Sergei Monia, Russian Federation – 23rd overall pick by the Portland Trail Blazers
Sasha Vujacic, Slovenia – 27th overall pick by the Los Angeles Lakers
Beno Udrih, Slovenia – 28th overall pick by the San Antonio Spurs

No one really jumps off the page here, although Vujacic did win a couple of NBA titles with the Lakers. Udrih has also re-established himself as a very good player, while Biedrins still has some upside to do work down in the box, though playing in a very guard and wing-heavy offense does him no favors. Podkolzin, Khryapa and Monia are out of the league.

2005

Fran Vazquez, Spain – 11th overall pick by the Orlando Magic
Yaroslav Korolev, Russian Federation – 12th overall pick by the Los Angeles Clippers
Johan Petro, France – 25th overall pick by the Seattle SuperSonics
Ian Mahinmi, France – 28th overall pick by the San Antonio Spurs

Vazquez never played a game in the NBA and the rest of the ‘05 crew aren’t anything to write home about, although Mahinmi played some important minutes this past NBA Finals, spelling Tyson Chandler and hitting two big jumpers in Game 6.

2006

Andrea Bargnani, Italy – 1st overall pick by the Toronto Raptors
Mouhamed Sene, Senegal – 10th overall pick by the Seattle SuperSonics
Thabo Sefolosha, Switzerland – 13th overall pick by the Philadelphia 76ers
Oleksiy Pecherov, Ukraine – 18th overall pick by the Washington Wizards
Sergio Rodriguez, Spain – 27th overall pick by the Phoenix Suns
Joel Freeland, England – 30th overall pick by the Portland Trail Blazers

Bargnani was lucky enough to became the second No. 1 overall pick in what is considered one of the weaker drafts in recent history. Sefolosha is a solid rotation player/starter for the Oklahoma City Thunder. Rodriguez had some ability, but never received a solid shot to show it off, and has since left the NBA. Sene and Pecherov didn’t do much in the Association while Freeland never played a game in the league.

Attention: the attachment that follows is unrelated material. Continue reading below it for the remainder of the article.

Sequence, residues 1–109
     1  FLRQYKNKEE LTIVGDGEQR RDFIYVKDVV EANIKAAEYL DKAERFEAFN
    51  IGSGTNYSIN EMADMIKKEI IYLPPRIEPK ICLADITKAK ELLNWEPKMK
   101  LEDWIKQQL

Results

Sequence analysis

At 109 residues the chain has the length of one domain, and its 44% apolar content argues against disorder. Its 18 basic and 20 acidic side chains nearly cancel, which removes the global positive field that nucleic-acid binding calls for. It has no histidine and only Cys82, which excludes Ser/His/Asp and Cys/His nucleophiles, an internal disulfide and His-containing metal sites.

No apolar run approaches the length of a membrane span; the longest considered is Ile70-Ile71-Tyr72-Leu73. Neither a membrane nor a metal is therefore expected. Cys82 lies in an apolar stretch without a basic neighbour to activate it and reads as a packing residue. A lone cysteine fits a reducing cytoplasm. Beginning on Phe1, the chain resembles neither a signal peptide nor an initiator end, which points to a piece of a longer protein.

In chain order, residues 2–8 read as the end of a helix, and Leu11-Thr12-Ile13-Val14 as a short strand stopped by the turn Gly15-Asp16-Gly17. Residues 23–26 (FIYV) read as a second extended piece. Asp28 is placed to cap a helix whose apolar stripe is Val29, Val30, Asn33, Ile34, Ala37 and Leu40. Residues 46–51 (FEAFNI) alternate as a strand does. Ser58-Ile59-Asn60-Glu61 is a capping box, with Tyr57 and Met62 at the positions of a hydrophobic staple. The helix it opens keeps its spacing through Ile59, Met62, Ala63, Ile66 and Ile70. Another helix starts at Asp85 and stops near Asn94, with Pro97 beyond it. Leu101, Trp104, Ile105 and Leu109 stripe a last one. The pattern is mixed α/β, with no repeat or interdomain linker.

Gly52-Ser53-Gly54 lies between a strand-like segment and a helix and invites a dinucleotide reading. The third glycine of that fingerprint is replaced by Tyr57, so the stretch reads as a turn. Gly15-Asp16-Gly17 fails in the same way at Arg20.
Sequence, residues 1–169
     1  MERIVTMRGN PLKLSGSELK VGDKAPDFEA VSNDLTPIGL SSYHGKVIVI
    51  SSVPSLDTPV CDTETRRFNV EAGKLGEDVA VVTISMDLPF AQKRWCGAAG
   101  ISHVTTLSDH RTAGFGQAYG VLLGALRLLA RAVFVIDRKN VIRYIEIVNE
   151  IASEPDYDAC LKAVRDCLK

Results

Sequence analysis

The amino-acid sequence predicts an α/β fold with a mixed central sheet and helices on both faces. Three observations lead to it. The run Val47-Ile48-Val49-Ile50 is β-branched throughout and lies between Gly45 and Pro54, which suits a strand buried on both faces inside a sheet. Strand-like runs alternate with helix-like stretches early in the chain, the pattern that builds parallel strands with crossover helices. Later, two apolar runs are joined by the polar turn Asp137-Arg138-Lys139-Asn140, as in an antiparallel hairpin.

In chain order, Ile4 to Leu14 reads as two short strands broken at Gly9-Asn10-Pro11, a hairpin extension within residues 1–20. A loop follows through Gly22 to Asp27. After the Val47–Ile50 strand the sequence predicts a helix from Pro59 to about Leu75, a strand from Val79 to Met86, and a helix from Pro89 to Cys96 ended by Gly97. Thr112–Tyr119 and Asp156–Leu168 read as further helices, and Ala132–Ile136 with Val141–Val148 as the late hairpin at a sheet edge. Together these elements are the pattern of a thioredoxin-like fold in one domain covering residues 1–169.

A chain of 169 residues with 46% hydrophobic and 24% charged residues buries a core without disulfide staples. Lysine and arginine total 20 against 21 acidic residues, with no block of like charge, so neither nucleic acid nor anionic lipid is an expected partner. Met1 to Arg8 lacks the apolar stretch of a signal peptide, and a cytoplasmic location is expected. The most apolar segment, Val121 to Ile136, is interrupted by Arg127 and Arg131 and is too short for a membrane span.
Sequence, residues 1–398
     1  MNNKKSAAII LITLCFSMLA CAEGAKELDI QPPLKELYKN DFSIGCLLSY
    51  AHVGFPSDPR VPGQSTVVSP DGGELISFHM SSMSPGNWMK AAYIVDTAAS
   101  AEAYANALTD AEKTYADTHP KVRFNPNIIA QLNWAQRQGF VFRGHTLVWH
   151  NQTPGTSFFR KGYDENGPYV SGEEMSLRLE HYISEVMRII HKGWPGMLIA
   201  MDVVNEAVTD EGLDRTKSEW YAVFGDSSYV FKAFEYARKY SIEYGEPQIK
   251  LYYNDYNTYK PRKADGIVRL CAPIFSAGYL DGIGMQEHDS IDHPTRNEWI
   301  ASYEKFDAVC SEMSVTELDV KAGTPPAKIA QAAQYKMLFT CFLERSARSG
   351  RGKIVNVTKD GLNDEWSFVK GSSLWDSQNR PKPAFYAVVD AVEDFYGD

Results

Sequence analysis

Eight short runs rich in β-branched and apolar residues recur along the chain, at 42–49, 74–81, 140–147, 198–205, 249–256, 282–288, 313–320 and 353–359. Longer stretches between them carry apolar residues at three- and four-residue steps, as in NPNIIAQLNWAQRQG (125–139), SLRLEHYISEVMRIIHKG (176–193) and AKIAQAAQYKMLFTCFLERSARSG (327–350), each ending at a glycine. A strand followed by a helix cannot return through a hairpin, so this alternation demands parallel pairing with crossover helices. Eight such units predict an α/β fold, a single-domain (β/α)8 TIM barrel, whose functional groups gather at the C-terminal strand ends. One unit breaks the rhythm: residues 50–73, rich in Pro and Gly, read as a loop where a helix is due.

The 2011 NBA Draft is expected to be rich in international selections, which means it’s safe to say that the invasion is coming! Close the borders! Kidding. What once was a passing thought amongst NBA fans has become a concrete idea that can help an NBA team win.

Ask that dude, Dirk.

Dennis encourages everyone around the world to be amazing like the NBA, so follow him on Twitter and this “amazingness” shall come. Yes, he just made up that word.

Comments (29)

  1. how could you forget GINOBILI????????

  2. Just a look at first round picks as stated. However, it does tell you how awesome Manu is!

  3. This article is very inaccurate Mr. Velasco. Peja is Serbian player not Croatian. Bagaric is from Croatia, not from Germany. What about Kukoc and Rada great croatian players you haven’t even mention?

    P.S. I am from Croatia believe it or not

  4. Peja might have been born in Croatia, but he’s a Serbian.

  5. Apologies if anyone was offended. I used Basketball-Reference.com as, well, a reference. Thanks for pointing out the inaccuracies.

  6. Sergio Rodriguez listed but not Rudy Fernandez (who happened to wear the jersey of Fernando Martin (another omission) in the ’09 dunk contest)? FTL, mang, FTL.

  7. Also, how about Wang ZhiZhi, who in 1999 was the first Chinese baller to be drafted? He helped pave the way for the eventual coming of Yao Ming.

  8. Fernandez was selected in the 2007 NBA Draft, but we limited the selections up to 2006. Thanks for reading though!

  9. ZhiZhi was a second round pick, but was a door opener for Yao’s eventual coming to the NBA.

  10. What about our one-armed man Bogut?

  11. Manu is form South America, not Europe

  12. Does Nash not count since he went to Santa Clara?

  13. Hakeem (or Akeem when he was drafted) and Manute? Luol Deng? Dikembe Mutombo?

  14. All of those players played at a college in the US.
    Bogut at Utah
    Nash at Santa Clara
    Hakeem at Houston
    Manute at Bridgeport
    Deng at Duke
    Mutombo at Georgetown

    Also, most forget/dont know that before he got injured Nenad Krstic was a very solid starter in Jersey. Never the same after though.

  15. Ah, there’s the draft and then there’s the free agent signings and who could forget the mighty Medvedenko?

  16. Kleiza was drafted 27th in 2005. guess he qualifies

  17. Only this single sentence of Drazen Petrovic? “Along with Drazen Petrovic, he is considered a pioneer in Euro-NBA relations.”

    THIS ARTICLE SUXX BIG TIME, MADÖRFACKAR.

    Go and read this, @sswhole:
    http://en.wikipedia.org/wiki/Dra%C5%BEen_Petrovi%C4%87
    http://www.basketball-reference.com/players/p/petrodr01.html